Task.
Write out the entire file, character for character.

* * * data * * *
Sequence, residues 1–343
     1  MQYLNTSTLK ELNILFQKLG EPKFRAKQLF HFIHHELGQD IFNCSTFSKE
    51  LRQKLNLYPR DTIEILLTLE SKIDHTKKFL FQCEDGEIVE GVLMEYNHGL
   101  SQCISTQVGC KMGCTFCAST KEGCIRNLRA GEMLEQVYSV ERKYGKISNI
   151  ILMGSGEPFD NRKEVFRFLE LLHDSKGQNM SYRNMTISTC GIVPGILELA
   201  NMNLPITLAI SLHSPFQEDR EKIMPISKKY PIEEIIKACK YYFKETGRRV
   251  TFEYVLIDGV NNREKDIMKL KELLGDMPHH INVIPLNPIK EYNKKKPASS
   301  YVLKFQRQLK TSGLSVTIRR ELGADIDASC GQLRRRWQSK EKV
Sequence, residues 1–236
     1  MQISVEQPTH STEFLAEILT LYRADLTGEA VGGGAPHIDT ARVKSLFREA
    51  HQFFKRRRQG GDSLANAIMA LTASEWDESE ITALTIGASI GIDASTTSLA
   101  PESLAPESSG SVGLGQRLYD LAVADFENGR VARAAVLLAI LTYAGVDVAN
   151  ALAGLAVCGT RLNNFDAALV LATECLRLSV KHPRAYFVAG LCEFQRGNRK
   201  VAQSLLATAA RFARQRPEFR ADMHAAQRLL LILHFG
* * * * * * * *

Sequence, residues 1–343
     1  MQYLNTSTLK ELNILFQKLG EPKFRAKQLF HFIHHELGQD IFNCSTFSKE
    51  LRQKLNLYPR DTIEILLTLE SKIDHTKKFL FQCEDGEIVE GVLMEYNHGL
   101  SQCISTQVGC KMGCTFCAST KEGCIRNLRA GEMLEQVYSV ERKYGKISNI
   151  ILMGSGEPFD NRKEVFRFLE LLHDSKGQNM SYRNMTISTC GIVPGILELA
   201  NMNLPITLAI SLHSPFQEDR EKIMPISKKY PIEEIIKACK YYFKETGRRV
   251  TFEYVLIDGV NNREKDIMKL KELLGDMPHH INVIPLNPIK EYNKKKPASS
   301  YVLKFQRQLK TSGLSVTIRR ELGADIDASC GQLRRRWQSK EKV
Sequence, residues 1–236
     1  MQISVEQPTH STEFLAEILT LYRADLTGEA VGGGAPHIDT ARVKSLFREA
    51  HQFFKRRRQG GDSLANAIMA LTASEWDESE ITALTIGASI GIDASTTSLA
   101  PESLAPESSG SVGLGQRLYD LAVADFENGR VARAAVLLAI LTYAGVDVAN
   151  ALAGLAVCGT RLNNFDAALV LATECLRLSV KHPRAYFVAG LCEFQRGNRK
   201  VAQSLLATAA RFARQRPEFR ADMHAAQRLL LILHFG